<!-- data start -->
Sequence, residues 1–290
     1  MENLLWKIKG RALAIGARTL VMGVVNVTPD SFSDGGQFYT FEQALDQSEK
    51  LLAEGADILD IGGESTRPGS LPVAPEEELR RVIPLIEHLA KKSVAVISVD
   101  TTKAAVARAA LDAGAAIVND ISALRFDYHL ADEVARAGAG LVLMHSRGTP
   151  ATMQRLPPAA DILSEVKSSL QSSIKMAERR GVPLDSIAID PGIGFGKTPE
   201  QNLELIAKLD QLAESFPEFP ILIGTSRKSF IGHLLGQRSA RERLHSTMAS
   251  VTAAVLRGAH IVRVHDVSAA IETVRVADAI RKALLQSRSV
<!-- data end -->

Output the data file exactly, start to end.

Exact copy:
Sequence, residues 1–290
     1  MENLLWKIKG RALAIGARTL VMGVVNVTPD SFSDGGQFYT FEQALDQSEK
    51  LLAEGADILD IGGESTRPGS LPVAPEEELR RVIPLIEHLA KKSVAVISVD
   101  TTKAAVARAA LDAGAAIVND ISALRFDYHL ADEVARAGAG LVLMHSRGTP
   151  ATMQRLPPAA DILSEVKSSL QSSIKMAERR GVPLDSIAID PGIGFGKTPE
   201  QNLELIAKLD QLAESFPEFP ILIGTSRKSF IGHLLGQRSA RERLHSTMAS
   251  VTAAVLRGAH IVRVHDVSAA IETVRVADAI RKALLQSRSV